Project description:BACKGROUND:Although several preclinical studies have shown that bone marrow cell (BMC) transplantation promotes cardiac recovery after myocardial infarction, clinical trials with unfractionated bone marrow have shown variable improvements in cardiac function. METHODS:To determine whether in a population of post-myocardial infarction patients, functional recovery after BM transplant is associated with specific BMC subpopulation, we examined the association between BMCs with left ventricular (LV) function in the LateTIME-CCTRN trial. RESULTS:In this population, we found that older individuals had higher numbers of BM CD133(+) and CD3(+) cells. Bone marrow from individuals with high body mass index had lower CD45(dim)/CD11b(dim) levels, whereas those with hypertension and higher C-reactive protein levels had higher numbers of CD133(+) cells. Smoking was associated with higher levels of CD133(+)/CD34(+)/VEGFR2(+) cells and lower levels of CD3(+) cells. Adjusted multivariate analysis indicated that CD11b(dim) cells were negatively associated with changes in LV ejection fraction and wall motion in both the infarct and border zones. Change in LV ejection fraction was positively associated with CD133(+), CD34(+), and CD45(+)/CXCR4(dim) cells as well as faster BMC growth rates in endothelial colony forming assays. CONCLUSIONS:In the LateTIME population, BM composition varied with patient characteristics and treatment. Irrespective of cell therapy, recovery of LV function was greater in patients with greater BM abundance of CD133(+) and CD34(+) cells and worse in those with higher levels of CD11b(dim) cells. Bone marrow phenotype might predict clinical response before BMC therapy and administration of selected BM constituents could potentially improve outcomes of other future clinical trials.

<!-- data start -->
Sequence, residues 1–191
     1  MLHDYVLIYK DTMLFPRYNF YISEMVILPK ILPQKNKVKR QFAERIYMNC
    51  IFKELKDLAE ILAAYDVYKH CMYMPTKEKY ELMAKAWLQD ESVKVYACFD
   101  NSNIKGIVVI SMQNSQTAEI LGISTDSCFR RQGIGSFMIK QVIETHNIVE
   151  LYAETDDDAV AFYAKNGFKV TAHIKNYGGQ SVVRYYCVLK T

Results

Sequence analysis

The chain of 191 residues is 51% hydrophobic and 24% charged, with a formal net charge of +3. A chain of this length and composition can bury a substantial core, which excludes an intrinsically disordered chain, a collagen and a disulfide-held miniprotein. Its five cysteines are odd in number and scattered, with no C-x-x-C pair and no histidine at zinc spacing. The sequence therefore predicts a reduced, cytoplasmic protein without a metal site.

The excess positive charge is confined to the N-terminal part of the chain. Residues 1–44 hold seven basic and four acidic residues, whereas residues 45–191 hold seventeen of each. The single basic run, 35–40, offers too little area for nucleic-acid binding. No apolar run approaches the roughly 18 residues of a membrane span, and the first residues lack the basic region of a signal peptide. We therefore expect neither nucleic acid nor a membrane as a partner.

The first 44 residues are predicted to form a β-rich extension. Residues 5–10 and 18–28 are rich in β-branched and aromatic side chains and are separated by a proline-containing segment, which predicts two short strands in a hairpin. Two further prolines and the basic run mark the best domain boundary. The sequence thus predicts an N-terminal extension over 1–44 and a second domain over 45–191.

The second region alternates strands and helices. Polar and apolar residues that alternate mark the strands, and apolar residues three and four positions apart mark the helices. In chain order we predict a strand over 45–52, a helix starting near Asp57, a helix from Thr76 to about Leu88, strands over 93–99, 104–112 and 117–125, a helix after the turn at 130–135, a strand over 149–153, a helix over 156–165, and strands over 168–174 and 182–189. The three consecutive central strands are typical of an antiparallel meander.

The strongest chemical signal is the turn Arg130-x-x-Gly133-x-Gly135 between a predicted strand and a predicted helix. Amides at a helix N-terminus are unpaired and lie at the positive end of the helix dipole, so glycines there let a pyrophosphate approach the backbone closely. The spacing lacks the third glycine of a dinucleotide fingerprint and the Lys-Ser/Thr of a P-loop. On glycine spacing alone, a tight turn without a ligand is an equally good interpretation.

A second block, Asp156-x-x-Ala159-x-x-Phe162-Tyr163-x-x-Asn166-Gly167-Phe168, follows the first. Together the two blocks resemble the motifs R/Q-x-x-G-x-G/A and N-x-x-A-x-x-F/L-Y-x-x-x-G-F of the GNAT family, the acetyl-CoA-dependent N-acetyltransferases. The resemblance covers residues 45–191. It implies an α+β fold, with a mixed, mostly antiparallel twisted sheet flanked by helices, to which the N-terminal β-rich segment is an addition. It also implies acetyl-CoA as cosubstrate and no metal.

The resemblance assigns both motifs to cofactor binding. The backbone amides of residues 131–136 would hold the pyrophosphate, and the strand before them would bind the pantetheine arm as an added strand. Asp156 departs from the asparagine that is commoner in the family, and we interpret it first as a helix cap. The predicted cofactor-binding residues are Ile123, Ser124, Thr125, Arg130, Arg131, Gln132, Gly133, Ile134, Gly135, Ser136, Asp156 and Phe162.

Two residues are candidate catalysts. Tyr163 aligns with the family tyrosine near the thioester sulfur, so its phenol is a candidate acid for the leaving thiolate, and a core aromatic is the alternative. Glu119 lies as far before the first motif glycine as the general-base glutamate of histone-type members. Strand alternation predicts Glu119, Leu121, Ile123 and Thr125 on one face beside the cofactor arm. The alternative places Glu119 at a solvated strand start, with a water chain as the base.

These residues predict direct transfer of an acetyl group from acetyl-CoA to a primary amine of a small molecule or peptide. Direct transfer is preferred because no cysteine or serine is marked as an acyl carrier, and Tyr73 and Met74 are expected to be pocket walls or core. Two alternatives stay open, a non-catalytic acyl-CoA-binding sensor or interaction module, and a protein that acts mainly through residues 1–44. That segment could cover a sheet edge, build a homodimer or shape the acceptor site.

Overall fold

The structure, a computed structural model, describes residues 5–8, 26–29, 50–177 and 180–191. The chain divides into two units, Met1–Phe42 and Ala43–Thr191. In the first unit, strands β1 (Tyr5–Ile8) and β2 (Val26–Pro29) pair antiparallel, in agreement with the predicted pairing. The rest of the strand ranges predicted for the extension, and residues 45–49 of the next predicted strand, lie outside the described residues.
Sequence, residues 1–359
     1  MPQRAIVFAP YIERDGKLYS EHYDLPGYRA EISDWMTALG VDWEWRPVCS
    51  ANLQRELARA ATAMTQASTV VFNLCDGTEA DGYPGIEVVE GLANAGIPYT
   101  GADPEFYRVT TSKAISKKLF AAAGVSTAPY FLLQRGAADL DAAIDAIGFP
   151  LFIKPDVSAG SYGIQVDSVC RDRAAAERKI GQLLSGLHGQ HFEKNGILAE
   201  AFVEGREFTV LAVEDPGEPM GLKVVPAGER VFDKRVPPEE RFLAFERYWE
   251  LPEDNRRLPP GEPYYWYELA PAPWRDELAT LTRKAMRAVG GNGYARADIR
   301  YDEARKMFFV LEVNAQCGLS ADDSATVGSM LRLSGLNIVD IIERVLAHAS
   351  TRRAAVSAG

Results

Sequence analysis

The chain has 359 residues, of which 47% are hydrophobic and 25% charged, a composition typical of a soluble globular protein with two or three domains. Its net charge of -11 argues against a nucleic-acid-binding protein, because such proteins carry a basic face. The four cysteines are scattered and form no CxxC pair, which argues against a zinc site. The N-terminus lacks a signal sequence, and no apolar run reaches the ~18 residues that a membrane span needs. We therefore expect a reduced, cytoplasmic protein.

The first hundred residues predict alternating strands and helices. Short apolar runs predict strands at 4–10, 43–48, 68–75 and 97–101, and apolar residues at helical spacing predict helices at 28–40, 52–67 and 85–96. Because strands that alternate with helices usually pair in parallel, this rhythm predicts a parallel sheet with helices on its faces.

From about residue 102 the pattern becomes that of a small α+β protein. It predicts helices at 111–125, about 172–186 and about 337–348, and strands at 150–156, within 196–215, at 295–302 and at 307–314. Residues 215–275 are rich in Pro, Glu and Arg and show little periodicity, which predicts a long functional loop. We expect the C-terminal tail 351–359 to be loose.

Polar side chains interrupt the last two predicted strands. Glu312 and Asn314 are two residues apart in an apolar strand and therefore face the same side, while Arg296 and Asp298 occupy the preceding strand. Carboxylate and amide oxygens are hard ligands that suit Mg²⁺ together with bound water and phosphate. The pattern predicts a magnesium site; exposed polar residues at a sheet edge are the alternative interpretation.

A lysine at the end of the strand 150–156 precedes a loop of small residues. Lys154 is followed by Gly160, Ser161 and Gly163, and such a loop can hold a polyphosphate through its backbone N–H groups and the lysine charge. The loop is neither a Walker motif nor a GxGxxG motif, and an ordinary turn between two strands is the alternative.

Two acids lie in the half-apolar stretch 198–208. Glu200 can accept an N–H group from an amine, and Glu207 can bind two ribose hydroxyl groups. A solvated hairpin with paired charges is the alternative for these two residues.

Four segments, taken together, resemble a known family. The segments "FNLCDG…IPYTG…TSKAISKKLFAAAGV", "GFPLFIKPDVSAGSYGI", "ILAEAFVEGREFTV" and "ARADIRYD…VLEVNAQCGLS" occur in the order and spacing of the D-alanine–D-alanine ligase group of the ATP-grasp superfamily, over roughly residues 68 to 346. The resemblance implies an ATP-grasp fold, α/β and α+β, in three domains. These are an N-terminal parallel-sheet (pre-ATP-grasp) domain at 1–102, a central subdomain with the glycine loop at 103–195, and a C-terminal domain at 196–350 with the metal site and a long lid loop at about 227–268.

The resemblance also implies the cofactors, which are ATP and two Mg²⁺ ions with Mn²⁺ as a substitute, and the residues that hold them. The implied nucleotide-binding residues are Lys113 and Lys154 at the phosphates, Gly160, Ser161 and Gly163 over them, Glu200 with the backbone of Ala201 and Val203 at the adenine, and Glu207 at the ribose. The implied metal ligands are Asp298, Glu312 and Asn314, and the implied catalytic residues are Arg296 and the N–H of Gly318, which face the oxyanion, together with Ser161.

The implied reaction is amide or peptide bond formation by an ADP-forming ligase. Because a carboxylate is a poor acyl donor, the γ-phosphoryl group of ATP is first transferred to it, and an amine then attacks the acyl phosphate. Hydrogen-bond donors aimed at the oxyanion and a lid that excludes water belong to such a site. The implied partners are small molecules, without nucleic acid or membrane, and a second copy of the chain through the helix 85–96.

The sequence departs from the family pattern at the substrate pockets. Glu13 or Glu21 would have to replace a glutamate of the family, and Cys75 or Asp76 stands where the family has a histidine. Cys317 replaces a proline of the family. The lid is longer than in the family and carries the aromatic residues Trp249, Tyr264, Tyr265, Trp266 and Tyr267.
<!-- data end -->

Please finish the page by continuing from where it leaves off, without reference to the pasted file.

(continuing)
Project description:RATIONALE:Despite significant interest in bone marrow mononuclear cell (BMC) therapy for ischemic heart disease, current techniques have resulted in only modest benefits. However, selected patients have shown improvements after autologous BMC therapy, but the contributing factors are unclear. OBJECTIVE:The purpose of this study was to identify BMC characteristics associated with a reduction in infarct size after ST-segment-elevation-myocardial infarction. METHODS AND RESULTS:This prospective study comprised patients consecutively enrolled in the CCTRN TIME (Cardiovascular Cell Therapy Research Network Timing in Myocardial Infarction Evaluation) trial who agreed to have their BMCs stored and analyzed at the CCTRN Biorepository. Change in infarct size between baseline (3 days after percutaneous coronary intervention) and 6-month follow-up was measured by cardiac MRI. Infarct-size measurements and BMC phenotype and function data were obtained for 101 patients (mean age, 56.5 years; mean screening ejection fraction, 37%; mean baseline cardiac MRI ejection fraction, 45%). At 6 months, 75 patients (74.3%) showed a reduction in infarct size (mean change, -21.0±17.6%). Multiple regression analysis indicated that infarct size reduction was greater in patients who had a larger percentage of CD31(+) BMCs (P=0.046) and in those with faster BMC growth rates in colony-forming unit Hill and endothelial-colony forming cell functional assays (P=0.033 and P=0.032, respectively). CONCLUSIONS:This study identified BMC characteristics associated with a better clinical outcome in patients with segment-elevation-myocardial infarction and highlighted the importance of endothelial precursor activity in regenerating infarcted myocardium. Furthermore, it suggests that for these patients with segment-elevation-myocardial infarction, myocardial repair was more dependent on baseline BMC characteristics than on whether the patient underwent intracoronary BMC transplantation. CLINICAL TRIAL REGISTRATION INFORMATION URL:http://www.clinicaltrials.gov. Unique identifier: NCT00684021.